Both DEP and ASLR are security mechanisms that Microsoft included in its latest Windows releases starting with XP SP2 and Vista, respectively, which should ideally protect systems from being attacked by exploit codes. DEP prevents the execution of code (including malicious shellcode) from certain regions of computer memory (nonexecutable). ASLR, on the other hand, randomizes the layout of regions (data areas) in memory to make guessing the exact location more difficult. But what if these security mechanisms are not so secure after all?

    This is what Berend-Jan Wever aka Skylined (the security researcher responsible for disclosing the heap-spraying technique) came to discover as he reported a new exploit technique that bypasses DEP if the ASLR feature is disabled. In Wever’s full disclosure of the exploit, he discusses the method on how to go around DEP and ASLR using return-to-libc attacks wherein an attacker uses existing code (of the applications being exploited or of the library functions) to carry out the attack rather than run his/her own code.

    Possibilities Explored

    Although these features make it more difficult to launch code execution on a system, these mechanisms are not perfect and can be bypassed, as revealed in Wever’s exploit codes. This exploit may take advantage of an already fixed vulnerability in Internet Explorer (IE) but this new technique may pave the way for new exploits that can defeat DEP.

    As Trend Micro researcher Rajiv Motwani puts it, “History could repeat itself. After Wever released his heap-spraying exploit codes in 2005, a lot of new exploits started using that technique. It would thus be not farfetched that the release of this new POC could lead to the same scenario—new exploits could start using return-to-libc to achieve DEP bypass.”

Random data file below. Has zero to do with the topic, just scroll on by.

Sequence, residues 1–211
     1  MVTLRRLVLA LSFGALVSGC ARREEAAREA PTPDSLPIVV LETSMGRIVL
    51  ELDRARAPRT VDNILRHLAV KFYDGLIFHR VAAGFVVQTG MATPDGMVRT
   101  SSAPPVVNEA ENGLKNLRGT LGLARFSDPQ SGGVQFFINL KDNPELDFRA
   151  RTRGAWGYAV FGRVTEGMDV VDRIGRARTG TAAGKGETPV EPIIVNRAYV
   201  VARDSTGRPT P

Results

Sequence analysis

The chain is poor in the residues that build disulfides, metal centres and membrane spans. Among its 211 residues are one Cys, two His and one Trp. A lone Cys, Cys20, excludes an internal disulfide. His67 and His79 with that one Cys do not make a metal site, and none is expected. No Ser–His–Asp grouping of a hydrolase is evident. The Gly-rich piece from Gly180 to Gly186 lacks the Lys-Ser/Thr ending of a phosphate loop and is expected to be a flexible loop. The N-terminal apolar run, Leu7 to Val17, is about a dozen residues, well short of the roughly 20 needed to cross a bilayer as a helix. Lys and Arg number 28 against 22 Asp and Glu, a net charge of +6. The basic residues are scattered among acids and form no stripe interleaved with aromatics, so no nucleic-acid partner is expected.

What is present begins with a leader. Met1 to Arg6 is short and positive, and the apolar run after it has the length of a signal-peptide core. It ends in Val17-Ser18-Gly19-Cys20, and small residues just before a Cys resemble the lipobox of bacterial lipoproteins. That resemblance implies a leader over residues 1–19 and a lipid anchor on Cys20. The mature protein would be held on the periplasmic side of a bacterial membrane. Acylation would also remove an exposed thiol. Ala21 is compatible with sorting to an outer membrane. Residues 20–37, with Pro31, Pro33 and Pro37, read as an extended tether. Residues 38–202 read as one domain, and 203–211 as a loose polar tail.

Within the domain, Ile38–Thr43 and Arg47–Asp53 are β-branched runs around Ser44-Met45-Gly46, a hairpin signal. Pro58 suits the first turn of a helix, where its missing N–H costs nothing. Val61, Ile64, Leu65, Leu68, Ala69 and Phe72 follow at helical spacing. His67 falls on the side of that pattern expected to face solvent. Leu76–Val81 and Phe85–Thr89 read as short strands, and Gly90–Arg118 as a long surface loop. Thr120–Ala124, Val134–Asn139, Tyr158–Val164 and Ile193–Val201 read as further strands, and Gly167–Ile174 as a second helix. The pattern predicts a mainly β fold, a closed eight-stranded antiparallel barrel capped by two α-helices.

Furthermore, because the exploit affects DEP, which Microsoft only recently introduced with Windows XP SP2, and ASLR was only enabled by default from Windows Vista onward, we can expect to see more reliable code execution vulnerabilities on new versions of Windows.

    Thoughts on Public Disclosure

    Given the increasing number of POCs that have gone public, there seems to be a need to give responsible disclosure considerable thought. Trend Micro global director for education David Perry notes that there seems to be a lot of disclosure rather than response on the exploit. Public disclosures currently act as double-edged swords that both contribute and complicate the threat landscape.

    On one hand, disclosures raise public awareness and push developers to act quickly. On the other hand, however, putting such critical information in the hands of the public could lead to significant exploits, as we recently saw with the most recent zero-day IE vulnerability.

    While actual exploits of this vulnerability have yet to be seen in the wild, Trend Micro Deep Security™ already shields users from potential future exploits. Trend Micro OfficeScan™ users with Intrusion Defense Firewall (IDF) plug-in are also protected from this attack if their systems are updated with the latest IDF filters.

    Additional text by Ria Rivera